Daniel J. Mahoney is Professor of Politics at Assumption College. He received his B.A. from the College of Holy Cross and his M.A. and Ph.D. from Catholic University of America in political science. In 1999, Professor Mahoney was the recipient of the prestigious Prix Raymond Aron. He is associate editor of Perspectives on Political Science and book review editor for Society magazine. A renowned expert on French political philosophy, his books also include the critically acclaimed Aleksandr Solzhenitsyn: The Ascent from Ideology.
Some of Mahoney’s lecture themes include: “Political Issues, Modern States, Ideology and Revolution,” “The Study of International Relations: Thucydides to Aron,” “Political Economy: Smith to Hayek,” and “Political Leadership.”
This year marks the fortieth anniversary of a series of political events that changed the face of democracy worldwide. The events of 1968—not only in Berkeley and Paris, but also in Mexico City, Dakar, and Tokyo—hold an iconic place in the minds of those on the Right and Left who lived through their tumultuous occurrence. But what did they mean? Was 1968 the birth of the first truly democratic and liberal form of government, or was it rather a fit of historical amnesia in which traditions of freedom that predated ’68 were deliberately forgotten and in their place were established commitments to dogmatic relativism and an extreme version of egalitarian society? . . .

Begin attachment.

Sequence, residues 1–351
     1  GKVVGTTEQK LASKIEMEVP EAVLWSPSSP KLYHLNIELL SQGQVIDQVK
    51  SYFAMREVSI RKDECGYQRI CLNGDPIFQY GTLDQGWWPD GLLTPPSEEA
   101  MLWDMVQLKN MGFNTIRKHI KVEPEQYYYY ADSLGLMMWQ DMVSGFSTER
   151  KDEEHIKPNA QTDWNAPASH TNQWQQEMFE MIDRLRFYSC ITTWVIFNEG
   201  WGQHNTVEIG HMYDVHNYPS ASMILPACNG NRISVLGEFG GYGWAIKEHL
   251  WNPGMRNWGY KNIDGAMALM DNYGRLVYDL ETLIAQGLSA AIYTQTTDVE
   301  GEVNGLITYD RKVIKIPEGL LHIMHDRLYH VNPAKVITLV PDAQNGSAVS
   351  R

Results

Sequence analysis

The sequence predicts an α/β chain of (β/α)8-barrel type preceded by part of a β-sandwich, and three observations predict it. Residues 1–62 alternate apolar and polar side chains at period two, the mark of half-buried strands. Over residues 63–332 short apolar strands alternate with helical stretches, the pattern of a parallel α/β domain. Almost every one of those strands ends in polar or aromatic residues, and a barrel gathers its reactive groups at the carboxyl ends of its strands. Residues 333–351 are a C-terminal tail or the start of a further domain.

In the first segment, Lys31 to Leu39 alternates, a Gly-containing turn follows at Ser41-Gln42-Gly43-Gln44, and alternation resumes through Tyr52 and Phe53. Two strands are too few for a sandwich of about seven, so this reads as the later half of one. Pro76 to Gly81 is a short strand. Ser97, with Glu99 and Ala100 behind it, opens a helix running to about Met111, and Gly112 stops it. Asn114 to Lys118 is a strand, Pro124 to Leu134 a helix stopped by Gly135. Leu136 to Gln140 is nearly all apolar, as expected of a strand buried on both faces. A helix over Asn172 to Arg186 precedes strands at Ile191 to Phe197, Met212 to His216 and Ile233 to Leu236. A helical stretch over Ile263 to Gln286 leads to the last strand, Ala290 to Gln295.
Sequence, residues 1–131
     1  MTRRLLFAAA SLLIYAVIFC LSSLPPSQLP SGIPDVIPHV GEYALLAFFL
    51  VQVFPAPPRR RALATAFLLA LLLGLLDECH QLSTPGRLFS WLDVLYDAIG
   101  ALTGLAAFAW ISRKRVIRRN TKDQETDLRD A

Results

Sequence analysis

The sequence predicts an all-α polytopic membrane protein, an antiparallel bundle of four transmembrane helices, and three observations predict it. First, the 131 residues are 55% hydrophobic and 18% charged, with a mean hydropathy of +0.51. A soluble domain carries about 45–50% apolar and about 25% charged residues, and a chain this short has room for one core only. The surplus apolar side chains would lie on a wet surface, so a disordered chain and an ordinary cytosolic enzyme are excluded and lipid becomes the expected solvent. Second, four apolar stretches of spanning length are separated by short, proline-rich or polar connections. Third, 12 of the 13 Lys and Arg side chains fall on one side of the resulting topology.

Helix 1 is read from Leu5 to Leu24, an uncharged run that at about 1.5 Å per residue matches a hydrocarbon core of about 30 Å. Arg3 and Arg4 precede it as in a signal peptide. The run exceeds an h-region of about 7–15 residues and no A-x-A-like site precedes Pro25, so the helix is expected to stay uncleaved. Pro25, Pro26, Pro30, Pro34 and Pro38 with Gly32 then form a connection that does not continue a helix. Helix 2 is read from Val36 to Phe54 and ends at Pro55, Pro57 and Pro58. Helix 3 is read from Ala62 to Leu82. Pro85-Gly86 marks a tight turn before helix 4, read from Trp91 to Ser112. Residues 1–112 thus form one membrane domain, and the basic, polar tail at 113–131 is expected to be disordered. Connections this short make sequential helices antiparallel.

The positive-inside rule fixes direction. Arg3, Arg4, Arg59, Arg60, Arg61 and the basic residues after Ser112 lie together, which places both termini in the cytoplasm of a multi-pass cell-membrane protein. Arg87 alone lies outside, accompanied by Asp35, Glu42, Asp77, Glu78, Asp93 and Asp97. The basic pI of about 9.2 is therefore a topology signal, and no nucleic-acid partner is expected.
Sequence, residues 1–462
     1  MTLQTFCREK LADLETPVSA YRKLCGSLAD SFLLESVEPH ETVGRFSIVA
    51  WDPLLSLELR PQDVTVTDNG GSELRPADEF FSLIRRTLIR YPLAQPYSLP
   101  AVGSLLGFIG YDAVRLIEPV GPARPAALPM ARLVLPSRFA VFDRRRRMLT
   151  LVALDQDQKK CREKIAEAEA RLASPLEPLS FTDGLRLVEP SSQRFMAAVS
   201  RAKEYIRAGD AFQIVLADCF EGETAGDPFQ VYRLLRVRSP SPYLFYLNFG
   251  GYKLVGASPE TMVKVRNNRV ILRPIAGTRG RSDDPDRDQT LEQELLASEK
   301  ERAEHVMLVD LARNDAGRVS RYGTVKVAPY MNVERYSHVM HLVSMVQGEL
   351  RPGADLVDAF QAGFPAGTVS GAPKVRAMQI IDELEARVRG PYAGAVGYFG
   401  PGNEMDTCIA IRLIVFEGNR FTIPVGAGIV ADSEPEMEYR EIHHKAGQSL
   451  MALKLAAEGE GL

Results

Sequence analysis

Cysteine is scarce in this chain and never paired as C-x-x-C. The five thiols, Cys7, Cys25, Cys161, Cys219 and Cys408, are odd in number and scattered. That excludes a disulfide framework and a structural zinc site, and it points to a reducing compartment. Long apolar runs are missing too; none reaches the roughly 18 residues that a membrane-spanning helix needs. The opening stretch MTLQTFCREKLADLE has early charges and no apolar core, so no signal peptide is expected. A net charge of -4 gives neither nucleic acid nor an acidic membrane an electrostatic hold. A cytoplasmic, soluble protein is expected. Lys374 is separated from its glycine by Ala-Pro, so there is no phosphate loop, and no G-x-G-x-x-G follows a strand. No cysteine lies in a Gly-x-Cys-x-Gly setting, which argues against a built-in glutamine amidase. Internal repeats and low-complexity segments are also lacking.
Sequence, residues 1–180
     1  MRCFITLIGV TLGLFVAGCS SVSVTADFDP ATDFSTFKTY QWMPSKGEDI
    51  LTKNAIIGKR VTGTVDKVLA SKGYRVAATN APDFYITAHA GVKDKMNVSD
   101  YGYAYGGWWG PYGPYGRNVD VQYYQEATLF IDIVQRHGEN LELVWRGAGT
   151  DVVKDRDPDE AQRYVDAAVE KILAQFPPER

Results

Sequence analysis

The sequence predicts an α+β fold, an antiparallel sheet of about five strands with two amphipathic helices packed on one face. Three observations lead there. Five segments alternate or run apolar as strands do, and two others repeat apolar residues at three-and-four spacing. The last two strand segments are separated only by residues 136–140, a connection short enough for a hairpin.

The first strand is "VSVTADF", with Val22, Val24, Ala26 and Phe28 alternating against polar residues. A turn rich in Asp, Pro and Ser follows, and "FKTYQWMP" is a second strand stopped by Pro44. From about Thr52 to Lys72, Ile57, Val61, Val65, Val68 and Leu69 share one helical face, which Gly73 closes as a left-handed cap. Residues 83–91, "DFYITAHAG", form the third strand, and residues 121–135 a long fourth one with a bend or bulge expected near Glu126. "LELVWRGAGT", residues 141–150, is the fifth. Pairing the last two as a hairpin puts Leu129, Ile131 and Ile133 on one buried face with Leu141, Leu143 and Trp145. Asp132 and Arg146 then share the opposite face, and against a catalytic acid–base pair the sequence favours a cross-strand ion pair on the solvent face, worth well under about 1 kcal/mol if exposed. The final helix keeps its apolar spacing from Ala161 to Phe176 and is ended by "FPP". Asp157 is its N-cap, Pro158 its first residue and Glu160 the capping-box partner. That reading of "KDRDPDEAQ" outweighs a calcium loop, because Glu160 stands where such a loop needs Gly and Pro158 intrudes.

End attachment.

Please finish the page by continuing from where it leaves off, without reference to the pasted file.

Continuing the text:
Michael Burleigh, a distinguished English historian, is the author of a remarkable trilogy on the “political religions” that have been the scourge of late modernity. In his authoritative The Third Reich: A New History (2000) , Burleigh studied Nazi Germany as a form of totalitarian society....
Whittaker Chambers’s Witness was published fifty years ago during the coldest days of the Cold War. It tells the story of a brilliant man driven by despair over the “crisis of our time” into the arms of the Communist Party. The story of Chambers’s descent to the Communist underground and return to the human world is told with remarkable eloquence, particularly Chambers’s gripping account of the two perjury trials of Alger Hiss in 1949 and 1950, which pitted the cerebral if somewhat disheveled Chambers against the worldly Hiss, a man who had been Chambers’s friend and protégé in the Washington Communist underground. . . .
Contemporary academic political theory, especially in the United States, is dominated by a largely sterile debate between liberals and communitarians.